Sexually transmitted infections knowledge and its impact in the practice of risky sexual behaviours and HIV serostatus: results from rural Kilimanjaro, Tanzania
SEXUALLY TRANSMITTED INFECTIONS
University of Oslo, Muhimbili Univ Hlth Sci
Objectives: To investigate the level of knowledge of different categories of sexually transmitted infections (STIs) and their impact on practice of risky sexual behaviours and HIV transmission in rural Kilimanjaro, Tanzania.
Methods: A cross-sectional study, including all individuals aged 15-44 years living in Oria village, Kahe ward, was conducted between March and May 2005. All consenting individuals were interviewed and offered HIV testing.
Results: The response rate was 73.0% (1528/2093). Overall, knowledge of STIs was 38.6%. Having a casual partner (59.4%) and multiple sexual partners (50.6%) were mentioned as the most potential sources of STI. Genital ulcers and vaginal discharge were the predominant symptoms noted whereas abstinence and condom use were the preferred preventive measures. Knowledge of STI complications, including HIV transmission, was very low (22.0%) in this community. The low knowledge of STI complications was significantly associated with recent (past 4 weeks) practice of multiple sexual partners (AOR 2.4, 95% CI 1.1 to 8.7), not using condoms with casual partners (AOR, 2.7, 95% CI 1.2 to 7.5) and HIV serostatus (AOR 3.4, 95% CI 1.8 to 14.5).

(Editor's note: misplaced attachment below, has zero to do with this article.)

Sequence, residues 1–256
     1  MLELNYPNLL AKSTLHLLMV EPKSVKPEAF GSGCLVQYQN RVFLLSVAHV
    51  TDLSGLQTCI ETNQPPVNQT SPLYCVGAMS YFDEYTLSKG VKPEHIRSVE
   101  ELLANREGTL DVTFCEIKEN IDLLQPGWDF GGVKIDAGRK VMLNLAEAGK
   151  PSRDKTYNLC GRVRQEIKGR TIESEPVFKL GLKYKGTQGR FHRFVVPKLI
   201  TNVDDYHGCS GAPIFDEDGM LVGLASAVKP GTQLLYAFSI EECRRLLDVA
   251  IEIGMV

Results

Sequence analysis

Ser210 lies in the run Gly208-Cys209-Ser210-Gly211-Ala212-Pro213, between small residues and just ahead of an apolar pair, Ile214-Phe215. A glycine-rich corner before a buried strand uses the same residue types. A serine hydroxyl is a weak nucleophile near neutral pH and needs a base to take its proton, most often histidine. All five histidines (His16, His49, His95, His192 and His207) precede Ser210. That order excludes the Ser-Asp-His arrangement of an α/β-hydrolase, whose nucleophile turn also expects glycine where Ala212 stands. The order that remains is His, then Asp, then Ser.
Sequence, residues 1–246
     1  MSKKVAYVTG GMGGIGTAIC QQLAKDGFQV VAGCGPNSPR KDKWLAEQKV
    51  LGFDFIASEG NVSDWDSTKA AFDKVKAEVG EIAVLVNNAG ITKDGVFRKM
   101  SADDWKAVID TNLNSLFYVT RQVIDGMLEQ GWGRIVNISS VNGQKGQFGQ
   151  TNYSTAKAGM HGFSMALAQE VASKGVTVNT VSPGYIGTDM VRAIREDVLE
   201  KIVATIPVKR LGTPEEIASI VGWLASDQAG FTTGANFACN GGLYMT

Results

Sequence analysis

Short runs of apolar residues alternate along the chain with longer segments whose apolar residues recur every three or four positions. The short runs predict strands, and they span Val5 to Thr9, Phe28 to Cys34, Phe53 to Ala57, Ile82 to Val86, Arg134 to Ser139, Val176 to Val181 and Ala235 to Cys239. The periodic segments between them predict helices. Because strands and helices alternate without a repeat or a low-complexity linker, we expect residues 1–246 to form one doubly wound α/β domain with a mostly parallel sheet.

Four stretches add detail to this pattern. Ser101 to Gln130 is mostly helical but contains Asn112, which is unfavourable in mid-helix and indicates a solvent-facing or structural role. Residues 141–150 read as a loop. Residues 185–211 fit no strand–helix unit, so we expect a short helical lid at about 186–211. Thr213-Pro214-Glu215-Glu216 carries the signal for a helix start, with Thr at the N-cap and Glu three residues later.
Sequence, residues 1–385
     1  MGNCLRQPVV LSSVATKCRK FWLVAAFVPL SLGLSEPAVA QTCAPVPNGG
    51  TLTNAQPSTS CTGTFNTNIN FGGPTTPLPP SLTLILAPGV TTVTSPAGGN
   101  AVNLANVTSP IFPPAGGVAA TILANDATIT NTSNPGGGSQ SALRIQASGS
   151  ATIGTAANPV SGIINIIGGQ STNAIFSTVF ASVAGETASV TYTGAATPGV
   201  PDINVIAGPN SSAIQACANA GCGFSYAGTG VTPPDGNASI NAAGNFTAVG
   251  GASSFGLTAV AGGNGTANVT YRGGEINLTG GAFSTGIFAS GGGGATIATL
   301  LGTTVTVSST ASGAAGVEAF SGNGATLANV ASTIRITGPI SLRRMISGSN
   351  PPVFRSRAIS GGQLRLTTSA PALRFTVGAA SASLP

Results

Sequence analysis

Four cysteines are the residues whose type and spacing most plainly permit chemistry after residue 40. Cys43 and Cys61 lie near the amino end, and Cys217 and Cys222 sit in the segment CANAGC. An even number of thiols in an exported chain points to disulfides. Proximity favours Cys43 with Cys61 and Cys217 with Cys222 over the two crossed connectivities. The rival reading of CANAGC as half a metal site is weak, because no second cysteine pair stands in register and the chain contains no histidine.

Conclusions: Overall STI knowledge and its link to HIV transmission was alarmingly low in this community. Knowledge of STI complications may play an important role in inducing safer sexual behaviours and hence HIV prevention. Interventions addressing HIV/STI knowledge should put more emphasis on raising awareness of complications as this may play a major role in HIV/STI prevention.